Tyrone Williams, whose sentencing came on his 36th birthday, according to the Houston Chronicle, was convicted last month on 58 counts of conspiracy, harboring and transporting immigrants.
A jury deliberated for 5½ days before sentencing Williams, himself an immigrant from Jamaica. Williams' life sentence comes with no possibility for parole.
Williams looked down as the verdict was read and gave no visible reaction. His attorney, former U.S. Rep. Craig Washington, wept and wiped his eyes with a tissue.
In May 2003, Williams' tractor-trailer was packed with more than 70 immigrants from Mexico, Central America and the Dominican Republic. As temperatures skyrocketed inside the airtight refrigerator truck, the immigrants kicked walls, clawed at insulation, broke out taillights and screamed for help.
Nineteen of the immigrants died from dehydration, overheating and suffocation during the smuggling attempt from South Texas to Houston. Williams abandoned the trailer at a truck stop near Victoria, Texas, about 100 miles southwest of Houston.
Williams was convicted last month on all 58 counts of conspiracy, harboring and transporting he faced for ferrying the illegal immigrants.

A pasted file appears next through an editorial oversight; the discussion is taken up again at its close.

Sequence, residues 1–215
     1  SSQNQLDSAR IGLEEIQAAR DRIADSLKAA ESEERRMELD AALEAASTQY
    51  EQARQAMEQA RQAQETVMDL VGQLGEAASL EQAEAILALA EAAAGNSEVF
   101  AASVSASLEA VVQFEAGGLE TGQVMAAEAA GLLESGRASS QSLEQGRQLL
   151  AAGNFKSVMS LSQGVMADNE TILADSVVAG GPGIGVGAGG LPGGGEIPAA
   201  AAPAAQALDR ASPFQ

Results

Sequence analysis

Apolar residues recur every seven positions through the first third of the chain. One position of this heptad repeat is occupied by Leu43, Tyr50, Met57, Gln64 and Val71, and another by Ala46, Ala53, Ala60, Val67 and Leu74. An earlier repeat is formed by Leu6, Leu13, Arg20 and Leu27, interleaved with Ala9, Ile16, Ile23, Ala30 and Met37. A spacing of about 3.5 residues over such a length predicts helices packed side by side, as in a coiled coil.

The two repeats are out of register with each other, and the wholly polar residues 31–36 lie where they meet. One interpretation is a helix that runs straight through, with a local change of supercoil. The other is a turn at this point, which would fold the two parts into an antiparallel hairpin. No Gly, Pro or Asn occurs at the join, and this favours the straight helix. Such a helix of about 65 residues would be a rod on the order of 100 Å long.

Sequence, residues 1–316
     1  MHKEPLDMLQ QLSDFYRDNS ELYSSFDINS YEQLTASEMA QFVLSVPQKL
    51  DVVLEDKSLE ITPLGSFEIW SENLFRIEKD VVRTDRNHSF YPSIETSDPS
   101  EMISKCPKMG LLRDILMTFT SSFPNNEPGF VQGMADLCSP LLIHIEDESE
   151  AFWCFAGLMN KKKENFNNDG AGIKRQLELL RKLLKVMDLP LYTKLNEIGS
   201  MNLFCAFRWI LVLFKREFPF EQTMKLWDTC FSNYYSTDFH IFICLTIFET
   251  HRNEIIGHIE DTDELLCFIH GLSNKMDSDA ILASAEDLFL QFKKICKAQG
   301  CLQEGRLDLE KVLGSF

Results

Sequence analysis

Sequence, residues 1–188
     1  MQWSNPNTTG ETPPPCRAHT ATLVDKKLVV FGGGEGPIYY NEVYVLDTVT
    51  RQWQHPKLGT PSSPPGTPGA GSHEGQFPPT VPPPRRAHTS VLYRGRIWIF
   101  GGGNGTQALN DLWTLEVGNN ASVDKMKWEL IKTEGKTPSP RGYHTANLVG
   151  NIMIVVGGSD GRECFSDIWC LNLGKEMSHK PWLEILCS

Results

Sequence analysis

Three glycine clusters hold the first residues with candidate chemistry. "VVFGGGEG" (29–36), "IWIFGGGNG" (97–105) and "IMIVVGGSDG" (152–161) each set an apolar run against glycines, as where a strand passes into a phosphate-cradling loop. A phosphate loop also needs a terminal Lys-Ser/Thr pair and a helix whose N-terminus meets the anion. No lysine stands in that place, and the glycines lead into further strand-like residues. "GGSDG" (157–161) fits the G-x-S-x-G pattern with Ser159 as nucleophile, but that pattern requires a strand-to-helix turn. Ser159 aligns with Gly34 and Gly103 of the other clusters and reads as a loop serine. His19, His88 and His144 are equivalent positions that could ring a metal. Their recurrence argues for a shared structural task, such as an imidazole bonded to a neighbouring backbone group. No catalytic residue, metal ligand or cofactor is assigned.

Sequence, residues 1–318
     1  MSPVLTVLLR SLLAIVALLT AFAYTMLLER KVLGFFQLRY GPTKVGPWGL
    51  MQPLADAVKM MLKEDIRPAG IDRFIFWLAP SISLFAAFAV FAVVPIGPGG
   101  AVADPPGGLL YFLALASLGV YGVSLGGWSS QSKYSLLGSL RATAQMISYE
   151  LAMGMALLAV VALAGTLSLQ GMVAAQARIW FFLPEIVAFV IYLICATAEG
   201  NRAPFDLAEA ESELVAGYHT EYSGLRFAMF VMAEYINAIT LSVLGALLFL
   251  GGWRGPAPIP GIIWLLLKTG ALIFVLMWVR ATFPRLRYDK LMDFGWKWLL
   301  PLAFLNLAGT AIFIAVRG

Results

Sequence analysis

Williams' attorneys argued he never intended for the immigrants to die and did not know they were succumbing to the deadly heat until it was too late. They blamed the deaths on other members of the smuggling ring who overstuffed the trailer.
Williams' family, including his mother and father, begged the jury to spare his life during emotional testimony presented at the retrial's punishment phase.
Prosecutors said Williams earned a death sentence because he intentionally caused the immigrants' deaths by not freeing them when he knew their lives were in danger. They also noted he failed to take life-saving measures, like turning on the trailer's air conditioning, although some survivors testified they thought it had been turned on.
Relatives of the 19 victims also testified, demanding justice and telling jurors their loved ones did not deserve to die the way they did.
Williams, who lived in Schenectady, N.Y., was the only one of 14 people charged in the case who faced the death penalty.
This was the second time Williams was tried for the smuggling deaths.
In 2005, a jury convicted Williams on 38 transporting counts, but he avoided a death sentence because the jury could not agree on his role in the smuggling attempt. The jury deadlocked on the 20 other counts.
The 5th U.S. Circuit Court of Appeals rejected the verdict, saying the jury failed to specify his role in the crime.
Since 1993, prosecutors in the Southern District of Texas have sought only two other death-penalty verdicts and won both times. Both convictions were for murder charges, the Chronicle reports.